I have spent the better part of 10 years with C, and it was my first serious language. I would say go with D if you just want to work on higher level projects and forego the low level details to an extent. C is very low level and very unforgiving. The inexperienced will run into things like segmentation faults or other memory errors until they understand how pointers and memory works.

Also, while D has fewer available resources than C does, C is also an entirely different beast. The C standard library is very limited, only providing some very basic functionality. Advanced data structure implementations are not provided by it so you would be forced to either write your own or use a suitable third party library. Contrast this with C++ or D where such things are likely already provided by their standard libraries.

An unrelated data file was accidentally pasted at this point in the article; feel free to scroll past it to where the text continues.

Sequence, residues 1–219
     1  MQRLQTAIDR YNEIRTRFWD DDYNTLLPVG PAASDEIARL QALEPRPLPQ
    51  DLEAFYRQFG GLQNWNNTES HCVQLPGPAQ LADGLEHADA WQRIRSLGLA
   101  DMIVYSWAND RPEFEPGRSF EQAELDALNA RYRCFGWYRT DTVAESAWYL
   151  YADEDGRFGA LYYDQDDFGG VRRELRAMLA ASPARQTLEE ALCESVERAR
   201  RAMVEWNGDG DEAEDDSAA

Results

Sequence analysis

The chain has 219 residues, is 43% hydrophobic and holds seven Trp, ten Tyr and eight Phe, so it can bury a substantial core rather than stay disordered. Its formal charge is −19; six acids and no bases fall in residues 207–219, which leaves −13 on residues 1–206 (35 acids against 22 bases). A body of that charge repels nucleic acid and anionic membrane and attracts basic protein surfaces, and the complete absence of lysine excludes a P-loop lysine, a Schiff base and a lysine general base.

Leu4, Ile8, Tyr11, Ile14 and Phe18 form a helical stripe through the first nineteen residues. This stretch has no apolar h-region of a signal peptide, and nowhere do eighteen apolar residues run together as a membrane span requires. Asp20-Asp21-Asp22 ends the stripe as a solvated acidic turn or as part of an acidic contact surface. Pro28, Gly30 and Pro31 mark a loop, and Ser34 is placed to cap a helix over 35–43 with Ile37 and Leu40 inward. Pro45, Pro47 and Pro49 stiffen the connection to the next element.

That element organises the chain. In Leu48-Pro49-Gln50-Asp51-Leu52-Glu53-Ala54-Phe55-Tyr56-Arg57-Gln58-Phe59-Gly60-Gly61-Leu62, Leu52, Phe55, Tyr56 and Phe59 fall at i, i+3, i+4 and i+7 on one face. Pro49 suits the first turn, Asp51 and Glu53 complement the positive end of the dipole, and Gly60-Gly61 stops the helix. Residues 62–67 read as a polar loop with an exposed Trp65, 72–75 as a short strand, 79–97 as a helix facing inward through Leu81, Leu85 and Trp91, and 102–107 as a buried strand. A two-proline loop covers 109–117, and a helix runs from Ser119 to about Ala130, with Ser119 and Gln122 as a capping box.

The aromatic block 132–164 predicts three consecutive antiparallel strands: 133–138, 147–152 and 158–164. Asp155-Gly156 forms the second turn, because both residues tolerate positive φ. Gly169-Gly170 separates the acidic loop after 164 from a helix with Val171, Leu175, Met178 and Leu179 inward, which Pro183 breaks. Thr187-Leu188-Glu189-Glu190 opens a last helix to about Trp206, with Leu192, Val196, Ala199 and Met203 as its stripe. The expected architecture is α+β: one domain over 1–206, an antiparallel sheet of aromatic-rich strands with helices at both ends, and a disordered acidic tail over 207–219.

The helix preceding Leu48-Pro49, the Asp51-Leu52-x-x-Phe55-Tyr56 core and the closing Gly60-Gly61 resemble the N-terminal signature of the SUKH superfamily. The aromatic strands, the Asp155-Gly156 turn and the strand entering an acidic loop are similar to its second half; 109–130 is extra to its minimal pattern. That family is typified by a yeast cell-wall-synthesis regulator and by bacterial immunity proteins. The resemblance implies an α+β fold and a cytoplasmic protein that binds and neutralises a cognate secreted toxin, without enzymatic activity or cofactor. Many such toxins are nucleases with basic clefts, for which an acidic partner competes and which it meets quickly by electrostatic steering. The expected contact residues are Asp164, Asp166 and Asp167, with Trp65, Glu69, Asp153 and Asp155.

In short, C is generally used to implement a foundation of sorts for higher level programs or other ventures where low level control is a requirement. For example, it is common to implement general purpose libraries for things like compression or encryption in C for performance reasons and also for reusable code. Libraries written in C can generally be used by any language that runs natively, usually through a binding or a translation of the library API.

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